The previously unpublished transcript of a lecture by Jacques Derrida around the figure of the blind and blindness in art.
A few months after the exhibition Memoirs of the blind which
was held at the Louvre museum in 1990-1991, and of which
Jacques Derrida was the curator, he participated to a symposium
on drawing as a guest of art teacher and artist François Martin.
On this occasion, Derrida was able not only to elaborate on how
the exhibition was set up and the exhibits selected, but also to
describe his relationship to art and the specific importance of
lines and drawings in his philosophical work.
The text of this conference, which had remained so far
unpublished, is now available, together with the live recording of
the lecture, making it possible to share the thrilling reminiscences
of the philosopher – a sort of memorial to Memoirs of the blind that will hopefully rekindle interest in the event.
“You must understand that someone who entertains the bizarre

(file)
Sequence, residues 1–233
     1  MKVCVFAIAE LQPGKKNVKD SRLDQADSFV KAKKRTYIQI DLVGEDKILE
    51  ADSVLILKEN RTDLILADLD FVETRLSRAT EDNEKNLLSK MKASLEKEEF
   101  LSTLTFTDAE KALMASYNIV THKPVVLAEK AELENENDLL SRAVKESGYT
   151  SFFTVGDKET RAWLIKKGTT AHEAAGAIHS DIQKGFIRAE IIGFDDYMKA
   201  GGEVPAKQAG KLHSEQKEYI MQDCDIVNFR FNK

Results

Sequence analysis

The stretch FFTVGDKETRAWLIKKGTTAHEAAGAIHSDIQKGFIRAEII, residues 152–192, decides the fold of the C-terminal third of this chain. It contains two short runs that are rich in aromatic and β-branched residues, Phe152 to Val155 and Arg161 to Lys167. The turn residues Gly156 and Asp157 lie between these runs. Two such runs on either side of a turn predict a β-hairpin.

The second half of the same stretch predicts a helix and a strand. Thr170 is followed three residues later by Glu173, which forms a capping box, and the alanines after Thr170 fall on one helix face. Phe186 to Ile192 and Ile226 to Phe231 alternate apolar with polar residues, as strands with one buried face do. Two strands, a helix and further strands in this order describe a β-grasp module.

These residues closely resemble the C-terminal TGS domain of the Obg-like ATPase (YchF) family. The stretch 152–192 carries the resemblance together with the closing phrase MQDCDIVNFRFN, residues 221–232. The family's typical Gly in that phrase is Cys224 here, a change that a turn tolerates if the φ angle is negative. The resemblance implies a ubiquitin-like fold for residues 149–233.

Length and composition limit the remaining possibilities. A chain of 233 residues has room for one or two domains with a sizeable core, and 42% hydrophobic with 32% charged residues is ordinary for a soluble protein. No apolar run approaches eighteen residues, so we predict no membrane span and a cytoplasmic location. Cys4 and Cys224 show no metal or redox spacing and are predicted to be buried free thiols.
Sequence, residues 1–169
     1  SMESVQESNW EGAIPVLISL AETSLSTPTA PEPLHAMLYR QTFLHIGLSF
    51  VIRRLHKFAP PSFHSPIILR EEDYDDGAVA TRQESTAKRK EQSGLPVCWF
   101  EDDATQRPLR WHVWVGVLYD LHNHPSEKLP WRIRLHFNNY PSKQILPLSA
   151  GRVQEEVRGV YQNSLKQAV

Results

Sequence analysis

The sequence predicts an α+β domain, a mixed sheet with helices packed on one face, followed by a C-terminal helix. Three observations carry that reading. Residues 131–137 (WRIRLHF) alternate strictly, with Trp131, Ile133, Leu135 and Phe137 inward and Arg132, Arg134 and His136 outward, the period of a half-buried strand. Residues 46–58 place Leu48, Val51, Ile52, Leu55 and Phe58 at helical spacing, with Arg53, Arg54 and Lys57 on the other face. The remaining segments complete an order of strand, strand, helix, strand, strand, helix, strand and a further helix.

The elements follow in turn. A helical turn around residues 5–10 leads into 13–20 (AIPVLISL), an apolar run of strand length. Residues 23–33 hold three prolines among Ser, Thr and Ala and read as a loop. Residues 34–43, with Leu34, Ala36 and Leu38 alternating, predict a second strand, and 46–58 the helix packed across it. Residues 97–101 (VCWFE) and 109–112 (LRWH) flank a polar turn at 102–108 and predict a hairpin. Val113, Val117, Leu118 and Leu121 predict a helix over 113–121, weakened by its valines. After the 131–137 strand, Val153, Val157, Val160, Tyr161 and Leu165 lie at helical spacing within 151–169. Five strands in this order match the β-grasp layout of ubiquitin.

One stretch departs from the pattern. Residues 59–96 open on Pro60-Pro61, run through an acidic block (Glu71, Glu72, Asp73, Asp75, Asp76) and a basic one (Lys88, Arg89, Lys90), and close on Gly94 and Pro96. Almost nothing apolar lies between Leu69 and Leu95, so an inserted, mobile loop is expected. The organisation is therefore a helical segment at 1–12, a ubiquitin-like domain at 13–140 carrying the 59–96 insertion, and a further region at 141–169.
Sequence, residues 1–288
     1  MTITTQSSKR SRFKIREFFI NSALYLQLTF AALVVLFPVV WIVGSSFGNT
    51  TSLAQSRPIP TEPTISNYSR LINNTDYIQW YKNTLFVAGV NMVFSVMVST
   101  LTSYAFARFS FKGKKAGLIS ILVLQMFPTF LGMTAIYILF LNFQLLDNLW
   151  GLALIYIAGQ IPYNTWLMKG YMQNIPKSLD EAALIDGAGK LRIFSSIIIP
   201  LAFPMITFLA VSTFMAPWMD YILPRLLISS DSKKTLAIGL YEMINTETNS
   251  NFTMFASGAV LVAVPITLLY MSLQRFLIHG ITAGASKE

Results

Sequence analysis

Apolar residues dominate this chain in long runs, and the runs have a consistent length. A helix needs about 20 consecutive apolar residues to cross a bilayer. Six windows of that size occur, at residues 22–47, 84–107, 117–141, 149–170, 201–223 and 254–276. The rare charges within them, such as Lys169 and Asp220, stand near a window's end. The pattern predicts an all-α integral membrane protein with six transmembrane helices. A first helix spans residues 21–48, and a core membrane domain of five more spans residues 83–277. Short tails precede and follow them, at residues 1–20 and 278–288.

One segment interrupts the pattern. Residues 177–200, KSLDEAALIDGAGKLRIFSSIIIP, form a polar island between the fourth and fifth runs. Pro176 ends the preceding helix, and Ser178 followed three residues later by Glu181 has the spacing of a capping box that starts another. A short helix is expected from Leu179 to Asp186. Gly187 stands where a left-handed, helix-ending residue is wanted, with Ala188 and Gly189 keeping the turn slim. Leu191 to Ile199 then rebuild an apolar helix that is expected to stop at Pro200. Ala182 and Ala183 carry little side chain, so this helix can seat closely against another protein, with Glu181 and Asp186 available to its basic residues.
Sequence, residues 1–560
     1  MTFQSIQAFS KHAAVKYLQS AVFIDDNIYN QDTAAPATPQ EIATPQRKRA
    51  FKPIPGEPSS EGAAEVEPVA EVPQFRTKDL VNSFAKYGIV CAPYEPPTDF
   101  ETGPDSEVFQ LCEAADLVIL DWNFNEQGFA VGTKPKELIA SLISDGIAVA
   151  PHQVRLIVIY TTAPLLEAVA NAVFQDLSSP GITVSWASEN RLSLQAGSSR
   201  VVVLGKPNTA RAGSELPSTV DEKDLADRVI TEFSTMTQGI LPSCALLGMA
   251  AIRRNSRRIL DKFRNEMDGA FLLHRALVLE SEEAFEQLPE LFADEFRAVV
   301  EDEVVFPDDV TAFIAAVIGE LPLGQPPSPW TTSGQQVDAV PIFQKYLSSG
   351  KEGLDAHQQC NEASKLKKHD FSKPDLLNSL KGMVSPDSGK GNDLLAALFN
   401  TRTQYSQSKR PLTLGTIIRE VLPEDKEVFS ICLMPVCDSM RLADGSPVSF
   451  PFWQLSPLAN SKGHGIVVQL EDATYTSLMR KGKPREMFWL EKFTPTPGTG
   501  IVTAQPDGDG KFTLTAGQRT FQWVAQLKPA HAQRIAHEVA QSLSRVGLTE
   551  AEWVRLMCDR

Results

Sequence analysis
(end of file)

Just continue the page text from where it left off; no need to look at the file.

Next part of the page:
conviction that they have never been able to draw in the most
elementary, the most basic sense of the word, someone who
feels that they would not even know how to look at a drawing,
see a drawing, let alone understand one – well, you can easily
imagine what it feels like when such a person is requested by the
Louvre museum to set up an exhibition of drawings (...).
I believe I've always been seriously inhibited about the
gesture which consists in drawing something and I must have
compensated for this inhibition about mute drawings by turning
instead to words, to speech, that is what stands for the picture,
surrounds it, or crowds it out.”
Including a coupon allowing to download the audio recording of the conference.